To get to Krakow, we took the night train from Budapest. We got a sleeper car and thought it would be great because we got accommodation and transportation in one. Turns out you don’t sleep much on a sleeper train, especially one that makes frequent stops. I slept better on the turbulent ferry from Italy to Croatia! Needless to say, we were exhausted when we got to Krakow.
We made our way to Kazimierz, the Jewish Quarter of Krakow where we would be staying the next three nights. After a mishap with our Airbnb and subsequent upgrade to a really awesome place, we settled in. I took a nap and Shawn worked on taxes. We had booked a food tour for that first afternoon in Krakow to introduce us to Polish food and to see some of the sights of the city, so headed out for that.
We met up with our guide in the Old City and met the other couple on the trip – a Scottish couple who had some great recommendations for that part of our trip. The food tour started with a “Polish bagel”, which is called obwarzanek. Similar to a bagel, but much bigger and slightly drier, we tried the sesame and the cheese kind (they were all out of the traditional salt kind).
We then headed to the market, where we tried squeaky smoked cheese, pressed into a pretty pattern. We also tried some sausage, as well as some pickles and pickled cabbage. Yum!
We then walked through the old city, where we found the Easter markets going on. Shawn and I made a note to come back to try the food (namely the soup station, which had about 10 different kinds of soup).
We found our way to a traditional restaurant where we tried schmaltz (animal fat spread), Polish sour rye soup (my new favorite), and three types of pierogis (potato and cheese, meat, and cabbage). We somehow didn’t take a photo of the pierogis. All was delicious!
We then went for dessert – in Krakow this cake is called “Pope John Paul II cake” because I guess he covered up his youth drinking transgressions by saying, “we went to eat cake” instead of, “we went to drink vodka”. The cake was okay – it had a sort of custard-y filling with flaky pastry and powdered sugar.
We ended the food tour with vodka! We went to a place that seemed almost like a mad scientist’s shop. It was full of giant glass orbs with colored liquid in them. All were different kinds of infused vodkas and we got to choose the flavor we desired. I tried the traditional cherry (tasted like Robitussin -surprise, surprise) and Shawn had the honey lemon.
Our tour was okay, but to be honest, our guide seemed like he was calling it in. He didn’t give much history on Krakow, areas we were walking through, or Polish history. We enjoyed Polish food immensely, but it probably would have been a better experience with a different guide. We were glad to have a cool Scottish couple to socialize with, though. We were so tired and stuffed by the end of the tour, we went home and went to bed by 7:30pm!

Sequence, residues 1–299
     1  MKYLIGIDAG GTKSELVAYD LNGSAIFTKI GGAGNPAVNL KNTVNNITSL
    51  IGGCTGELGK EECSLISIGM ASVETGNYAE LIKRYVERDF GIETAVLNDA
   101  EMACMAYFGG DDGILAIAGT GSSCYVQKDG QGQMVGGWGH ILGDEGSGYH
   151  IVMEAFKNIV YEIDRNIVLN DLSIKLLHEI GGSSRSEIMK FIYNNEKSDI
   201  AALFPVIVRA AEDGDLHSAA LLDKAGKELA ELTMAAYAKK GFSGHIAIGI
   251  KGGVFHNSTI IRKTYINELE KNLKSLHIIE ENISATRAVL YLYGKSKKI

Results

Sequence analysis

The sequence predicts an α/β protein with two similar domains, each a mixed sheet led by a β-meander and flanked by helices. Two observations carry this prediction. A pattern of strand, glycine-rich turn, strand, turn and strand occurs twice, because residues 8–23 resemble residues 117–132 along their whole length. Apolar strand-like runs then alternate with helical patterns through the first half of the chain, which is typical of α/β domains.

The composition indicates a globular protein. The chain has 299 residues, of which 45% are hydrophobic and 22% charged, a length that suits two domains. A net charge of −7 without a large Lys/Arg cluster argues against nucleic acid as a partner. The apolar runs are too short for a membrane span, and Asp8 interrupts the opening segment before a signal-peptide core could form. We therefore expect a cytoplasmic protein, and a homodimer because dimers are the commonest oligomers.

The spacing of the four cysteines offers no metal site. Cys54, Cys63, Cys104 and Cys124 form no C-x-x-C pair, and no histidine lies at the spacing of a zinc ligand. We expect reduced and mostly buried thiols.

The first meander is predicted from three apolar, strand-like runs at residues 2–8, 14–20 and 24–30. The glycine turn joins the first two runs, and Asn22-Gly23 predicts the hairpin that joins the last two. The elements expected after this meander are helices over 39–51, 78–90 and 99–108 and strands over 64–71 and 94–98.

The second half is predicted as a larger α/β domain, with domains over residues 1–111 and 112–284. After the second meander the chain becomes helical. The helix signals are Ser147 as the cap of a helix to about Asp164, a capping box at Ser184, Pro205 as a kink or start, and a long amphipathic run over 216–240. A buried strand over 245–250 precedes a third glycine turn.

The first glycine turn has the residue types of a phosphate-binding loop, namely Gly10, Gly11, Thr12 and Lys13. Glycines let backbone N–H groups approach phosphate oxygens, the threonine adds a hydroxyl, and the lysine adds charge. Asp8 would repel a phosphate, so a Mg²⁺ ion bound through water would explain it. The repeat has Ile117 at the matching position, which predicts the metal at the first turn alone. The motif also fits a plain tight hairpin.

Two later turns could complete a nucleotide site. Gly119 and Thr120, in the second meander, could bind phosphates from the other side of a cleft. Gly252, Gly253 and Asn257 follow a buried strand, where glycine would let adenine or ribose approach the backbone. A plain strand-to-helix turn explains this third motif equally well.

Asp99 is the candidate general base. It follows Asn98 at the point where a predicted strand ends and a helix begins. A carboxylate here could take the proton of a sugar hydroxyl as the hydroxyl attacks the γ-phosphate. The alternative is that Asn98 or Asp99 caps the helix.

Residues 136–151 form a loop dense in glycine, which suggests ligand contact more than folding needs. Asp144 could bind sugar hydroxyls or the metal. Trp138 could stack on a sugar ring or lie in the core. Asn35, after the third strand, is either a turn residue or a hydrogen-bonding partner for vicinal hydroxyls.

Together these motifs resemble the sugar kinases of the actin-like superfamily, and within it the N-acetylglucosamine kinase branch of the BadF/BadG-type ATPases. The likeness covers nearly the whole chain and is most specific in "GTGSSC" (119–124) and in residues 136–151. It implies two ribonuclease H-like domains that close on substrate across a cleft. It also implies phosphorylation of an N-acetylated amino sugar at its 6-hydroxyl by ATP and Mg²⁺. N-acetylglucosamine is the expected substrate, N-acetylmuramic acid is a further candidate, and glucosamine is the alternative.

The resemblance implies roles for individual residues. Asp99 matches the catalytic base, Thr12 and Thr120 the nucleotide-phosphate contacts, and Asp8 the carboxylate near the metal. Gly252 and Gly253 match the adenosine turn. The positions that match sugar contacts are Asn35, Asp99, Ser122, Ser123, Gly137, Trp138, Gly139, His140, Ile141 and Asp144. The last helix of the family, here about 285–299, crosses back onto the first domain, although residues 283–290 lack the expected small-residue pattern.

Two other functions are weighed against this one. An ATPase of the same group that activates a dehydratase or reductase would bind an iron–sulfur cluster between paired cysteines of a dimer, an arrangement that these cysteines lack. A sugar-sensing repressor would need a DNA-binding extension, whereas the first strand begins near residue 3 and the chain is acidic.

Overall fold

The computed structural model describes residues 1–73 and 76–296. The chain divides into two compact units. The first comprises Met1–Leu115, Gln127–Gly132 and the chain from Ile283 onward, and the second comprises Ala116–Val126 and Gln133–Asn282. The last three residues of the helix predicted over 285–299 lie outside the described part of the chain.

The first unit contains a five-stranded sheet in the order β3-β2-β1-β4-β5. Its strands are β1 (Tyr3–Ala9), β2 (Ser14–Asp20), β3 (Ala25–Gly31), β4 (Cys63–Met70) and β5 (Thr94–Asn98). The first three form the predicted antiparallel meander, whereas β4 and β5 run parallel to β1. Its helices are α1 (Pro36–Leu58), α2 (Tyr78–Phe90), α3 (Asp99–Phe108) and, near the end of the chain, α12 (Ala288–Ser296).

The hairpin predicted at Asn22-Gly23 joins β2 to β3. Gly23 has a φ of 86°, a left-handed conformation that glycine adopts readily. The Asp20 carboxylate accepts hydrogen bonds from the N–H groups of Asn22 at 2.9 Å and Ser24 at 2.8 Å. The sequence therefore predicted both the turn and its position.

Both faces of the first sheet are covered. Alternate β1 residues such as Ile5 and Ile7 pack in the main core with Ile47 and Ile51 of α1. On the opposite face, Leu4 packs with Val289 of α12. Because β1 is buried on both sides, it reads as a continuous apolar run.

The following day, we got up early to head to Auschwitz. You can read about our time at Auschwitz here.
After our day at Auschwitz, we were mentally and physically exhausted, so we went for an early dinner around 5:30pm. We went to a local spot we had heard about called Klezmer Hois, which is “Jewish style” food and they have Klezmer music later in the evenings. At that point we weren’t really interested in the music, we just wanted to eat and go home to rest. We had a lovely dinner of herring and a knish, as well as some beers, and liked it enough to make a reservation for the following night with the klezmer music.
The following day, we headed out early to meet the Krakow Free Walking Tour of the Jewish Quarter and WWII history. We really enjoyed this tour, where we explored a bunch of synagogues and different areas of Kazimierz, as well as saw many places featured in Schindler’s List.
We walked across a beautiful bridge, Kładka Bernatka, which has lots of statues hanging and balanced in ways that are pretty interesting. It leads into where the Krakow Ghetto was located.
We then explored parts of the ghetto and got a bit more history on what went down there during WWII. There is a beautiful memorial in the plaza with a smattering of chairs symbolizing the furniture of people who lived in the ghetto, and who would never return to their furniture after the war.
We also swung by the last remaining “wall” of the ghetto, which was really more like a symbol for those living in the ghetto, representing that the Jews were “separate” from everyone else.
We ended the walking tour by stopping by Schindler’s Factory, which is much different now than it was, and is also different from the movie. We didn’t go in, mainly because we were very hungry and tired from walking all morning. We tipped our fantastic guide and headed out to find lunch.
We ended up back at the Easter market to try some local delicacies. It was Palm Sunday, so it was packed with people. We had some sour rye soup from the soup station (excellent!!) and a traditional dish that everyone in the market seemed to be eating – rye bread with schmaltz, sausage, and grilled onions. It was delicious!
That evening, we had made reservations back at Klezmer Hois to enjoy the klezmer band and eat some more yummy food. We had the best evening that night! We had salad with pickled pumpkin (OMG!), more herring, roasted goose (tastiest dish ever), and cholent. The klezmer band was fantastic and we had front row seats right near the violinist, who was the best one we’d seen all weekend (there are klezmer bands performing all over Kazimierz). It was great to have a dinner show.
Thoroughly in love with Krakow, we were very sad to be leaving after such a short stay. We wish we had had a couple more days to continue exploring this fantastic city, but now we’re positive we will be back to visit Poland. The following day, we packed up our bags and headed to Wrocław, another Polish city, which Shawn will tell you about soon!